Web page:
OXFORD MINT HELMET SANITISER
Oxford’s Mint Helmet Sanitiser can also be used on the fabric inners of shoes and, potentially, gloves and mitts. I’ve found it easy to use and quick to work, although frequent use, especially during hotter periods, has led to greater effectiveness.
Also available in 200ml for £9.99
Pros: Handy and easy to use, quick drying.
Cons: needs frequent use.
The unpleasant truth
Ever experienced that horrible moment when the sweat and dirt that accumulates in your bike helmet is washed out in a heavy bout of rain and runs down your face? I’m ashamed to say that I have, and, if you haven’t you do not want to. Helmet-hygiene may not be at the top of your agenda, but it does matter.
The formula inside the pump-spray bottle is contains a mild biocide, tasked with keeping the inner of “protective equipment” clean, as well as sweet. It is also aimed at motorcyclists, so “protective equipment” includes gloves, shoes, and boots. For the cyclist, the helmet (should you choose to wear one) is the obvious target for its cleansing properties, but I’ve also tested it on shoes and mitts with leather palms – the sort you don’t want to bung in the wash.
Oxford advise that a really dirty helmet is best soaked in soapy water – I’d suggest something mild – and a good rinse. Others suggest that shampoo and a shower are the thing.
However, keep the detergents mild: we do not want to harm adhesives that hold the Velcro that holds the pads in place.
The dispenser is designed to create a foam. There’s also a 200ml version.
Oxford say that it is safe on all materials.
There’s no instruction to shake the bottle, and the foam blobs out without it. It looks profligate, but a good deal of the foam is, of course, air. Coverage is not automatic, so you need to work it in with a clean cloth – or your fingers - to ensure it gets to where you want it to go.
On that front, it is a mild formula; no skin irritation – for me, anyway – or damage to non-fabric helmet inner, if it comes into contact. However, rub it around as work it in as accurately as you can.
On a similar note, I have, without harm, dripped the foam onto my fingers and worked it into the narrow pads of road helmets. OK, you may consider me tight, but it did make for a more accurate and thorough coverage than dropping it straight into the helmet.
I’ve known people strip a bike helmet of padding for washing. I’ve also watched them try and replace it. It wouldn’t make great TV, but, having nothing better to do, it entertained for a good long time.
Oxford suggest “frequent use” of the sanitiser. So, to give it a big challenge, I selected my go-to lid, a Kali Therapy road helmet which I use for commuting as well as longer rides. Fortunately for testing, but very much to my eternal shame, it had not been cleaned for many a long day (in fact, it was this, combined with heavy rain, that prompted the “unpleasant truth”. Well, four treatments on, things are beginning to freshen up, although there is still a way to go. In fairness, the potion is a sanitiser and not a deep cleaner. It does confirm, however, that frequent use is best.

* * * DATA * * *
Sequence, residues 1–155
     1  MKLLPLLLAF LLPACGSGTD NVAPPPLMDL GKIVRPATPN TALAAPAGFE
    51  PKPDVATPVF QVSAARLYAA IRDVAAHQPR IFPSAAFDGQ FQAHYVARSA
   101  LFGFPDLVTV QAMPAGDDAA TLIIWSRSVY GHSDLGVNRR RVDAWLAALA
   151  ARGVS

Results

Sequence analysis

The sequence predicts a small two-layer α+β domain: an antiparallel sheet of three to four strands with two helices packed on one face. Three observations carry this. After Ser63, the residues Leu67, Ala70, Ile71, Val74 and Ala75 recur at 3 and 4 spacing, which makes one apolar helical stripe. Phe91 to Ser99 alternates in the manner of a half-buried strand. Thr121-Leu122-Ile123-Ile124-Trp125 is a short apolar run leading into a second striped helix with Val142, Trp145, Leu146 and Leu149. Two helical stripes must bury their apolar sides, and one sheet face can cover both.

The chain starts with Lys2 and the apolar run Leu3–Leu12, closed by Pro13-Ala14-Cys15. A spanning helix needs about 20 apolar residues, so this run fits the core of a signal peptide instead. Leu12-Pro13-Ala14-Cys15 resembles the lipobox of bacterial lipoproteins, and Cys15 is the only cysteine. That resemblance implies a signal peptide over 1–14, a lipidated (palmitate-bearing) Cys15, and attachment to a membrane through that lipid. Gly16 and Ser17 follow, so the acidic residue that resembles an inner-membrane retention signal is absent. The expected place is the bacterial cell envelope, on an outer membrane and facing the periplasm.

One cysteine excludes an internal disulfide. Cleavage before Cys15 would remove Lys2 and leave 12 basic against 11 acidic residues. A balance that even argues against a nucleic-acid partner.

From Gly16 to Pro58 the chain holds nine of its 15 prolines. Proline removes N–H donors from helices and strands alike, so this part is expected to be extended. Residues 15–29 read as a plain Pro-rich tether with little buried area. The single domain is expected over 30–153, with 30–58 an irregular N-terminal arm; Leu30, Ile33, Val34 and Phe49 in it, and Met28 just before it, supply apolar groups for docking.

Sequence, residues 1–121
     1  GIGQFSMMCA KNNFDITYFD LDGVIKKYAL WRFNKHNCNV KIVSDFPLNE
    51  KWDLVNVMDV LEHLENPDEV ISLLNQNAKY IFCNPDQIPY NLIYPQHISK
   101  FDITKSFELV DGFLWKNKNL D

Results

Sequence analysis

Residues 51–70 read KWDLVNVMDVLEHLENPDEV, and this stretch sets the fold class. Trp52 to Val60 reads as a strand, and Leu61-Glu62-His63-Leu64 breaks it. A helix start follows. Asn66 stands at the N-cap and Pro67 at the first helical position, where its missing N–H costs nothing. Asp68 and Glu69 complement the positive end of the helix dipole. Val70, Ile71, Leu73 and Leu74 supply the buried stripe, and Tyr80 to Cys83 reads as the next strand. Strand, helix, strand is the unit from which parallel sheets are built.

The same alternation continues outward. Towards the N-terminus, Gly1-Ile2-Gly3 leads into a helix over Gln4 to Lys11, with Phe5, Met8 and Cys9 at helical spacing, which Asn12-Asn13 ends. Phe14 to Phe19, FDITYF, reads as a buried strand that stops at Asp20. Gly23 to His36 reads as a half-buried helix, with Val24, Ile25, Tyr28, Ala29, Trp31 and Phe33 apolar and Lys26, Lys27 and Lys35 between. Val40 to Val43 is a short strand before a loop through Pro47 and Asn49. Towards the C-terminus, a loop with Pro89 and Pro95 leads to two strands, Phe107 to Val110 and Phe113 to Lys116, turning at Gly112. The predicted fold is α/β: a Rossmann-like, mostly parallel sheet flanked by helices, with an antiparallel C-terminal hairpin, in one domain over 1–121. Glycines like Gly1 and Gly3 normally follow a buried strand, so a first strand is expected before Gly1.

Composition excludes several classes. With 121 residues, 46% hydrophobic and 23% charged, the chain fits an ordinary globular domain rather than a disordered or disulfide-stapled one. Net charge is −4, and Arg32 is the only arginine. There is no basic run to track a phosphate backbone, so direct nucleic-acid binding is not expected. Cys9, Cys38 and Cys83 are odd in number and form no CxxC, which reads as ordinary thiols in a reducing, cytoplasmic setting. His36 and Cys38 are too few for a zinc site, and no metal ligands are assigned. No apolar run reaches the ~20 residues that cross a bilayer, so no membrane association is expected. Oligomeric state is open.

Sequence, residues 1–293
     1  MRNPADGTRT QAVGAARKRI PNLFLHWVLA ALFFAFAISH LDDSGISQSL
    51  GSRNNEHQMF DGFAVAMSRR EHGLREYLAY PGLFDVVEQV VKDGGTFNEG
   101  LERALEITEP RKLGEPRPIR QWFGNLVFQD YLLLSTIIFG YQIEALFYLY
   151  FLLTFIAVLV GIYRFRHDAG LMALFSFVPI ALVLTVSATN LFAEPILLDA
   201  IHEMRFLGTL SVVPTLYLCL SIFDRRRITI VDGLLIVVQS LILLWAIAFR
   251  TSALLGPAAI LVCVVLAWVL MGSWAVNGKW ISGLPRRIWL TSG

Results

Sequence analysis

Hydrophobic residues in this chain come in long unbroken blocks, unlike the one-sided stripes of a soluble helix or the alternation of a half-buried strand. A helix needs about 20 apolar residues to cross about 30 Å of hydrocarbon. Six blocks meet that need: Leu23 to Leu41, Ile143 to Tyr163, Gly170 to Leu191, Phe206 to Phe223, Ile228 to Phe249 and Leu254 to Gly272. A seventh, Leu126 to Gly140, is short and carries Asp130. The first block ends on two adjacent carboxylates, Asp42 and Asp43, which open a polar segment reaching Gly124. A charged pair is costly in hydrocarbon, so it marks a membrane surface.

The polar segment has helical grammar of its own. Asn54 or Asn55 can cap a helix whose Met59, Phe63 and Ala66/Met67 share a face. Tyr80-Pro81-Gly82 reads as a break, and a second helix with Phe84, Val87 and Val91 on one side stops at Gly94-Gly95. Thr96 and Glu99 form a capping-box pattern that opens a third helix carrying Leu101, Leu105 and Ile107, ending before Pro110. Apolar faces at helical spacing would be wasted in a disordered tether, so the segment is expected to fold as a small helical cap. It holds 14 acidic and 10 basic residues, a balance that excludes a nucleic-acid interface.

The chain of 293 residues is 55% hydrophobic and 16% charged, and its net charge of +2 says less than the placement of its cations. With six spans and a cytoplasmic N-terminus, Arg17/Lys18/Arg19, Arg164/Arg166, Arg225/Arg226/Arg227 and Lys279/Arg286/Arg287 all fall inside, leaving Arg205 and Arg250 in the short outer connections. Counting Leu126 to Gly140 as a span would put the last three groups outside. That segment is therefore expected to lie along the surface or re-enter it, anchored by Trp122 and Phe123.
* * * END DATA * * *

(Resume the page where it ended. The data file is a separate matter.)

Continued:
Leaving the stygian gloom of my favourite lid, I used the Mint sanitiser on a variety of others. All were less used. The results were very good, with things freshening up rapidly, after four or five hot weather rides. The pads look, smell, and feel cleaner, and the sweaty odour has been sent packing.
So, frequent use - every week for mile-munchers, perhaps – less frequent depending on your riding: certainly, after a two-week tour. I’ve taken to applying it as a Friday evening activity to mark the last commute of the week – sad, I know.
I’ve tended to generosity when applying, so have tended to leave it overnight, when possible. However, a couple of hours at room temperature should see it dry.
There is a clean, minty aroma. However, it is not prominent. In-soles and fabric linings of shoes have benefitted from a dose. I’d be tempted to carry the 100ml bottle if hostelling on summer tours, or sharing a confined space with others!
Frankly, impact on Passport Crochet Mitts, has been hard to measure, but it has helped cleanliness without resorting to the wash – not desirable with leather palms.
Clearly, the 200ml version offers better value, especially for those with a whole family of bike helmets to keep clean, or who eat miles for breakfast.
Like the Mint, many helmet sanitisers are designed for both motorcycle and cycling helmets. Shift-It Helmet Sanitiser comes in at £7.99 per hundred millilitres, and, in fairness, the difference in performance may well come down to personal preference.
GetGeared cleaner is significantly cheaper, but is, in my
opinion, less suited for cycle helmets as it requires spraying form 20cm. The same is true of aerosol types, since they lack accuracy when aiming for the pads and avoiding the vents!
This may not be a necessity, but potions of this kind can make life much pleasanter. Easy to apply, and certainly quicker to dry than a full wash, there are several potions of this kind on the market. In some ways, I’d like the ‘mintiness’ to be more prominent, but not everyone would appreciate perfumed hair. It is certainly effective, and, for the price, has made cycling a more pleasant experience.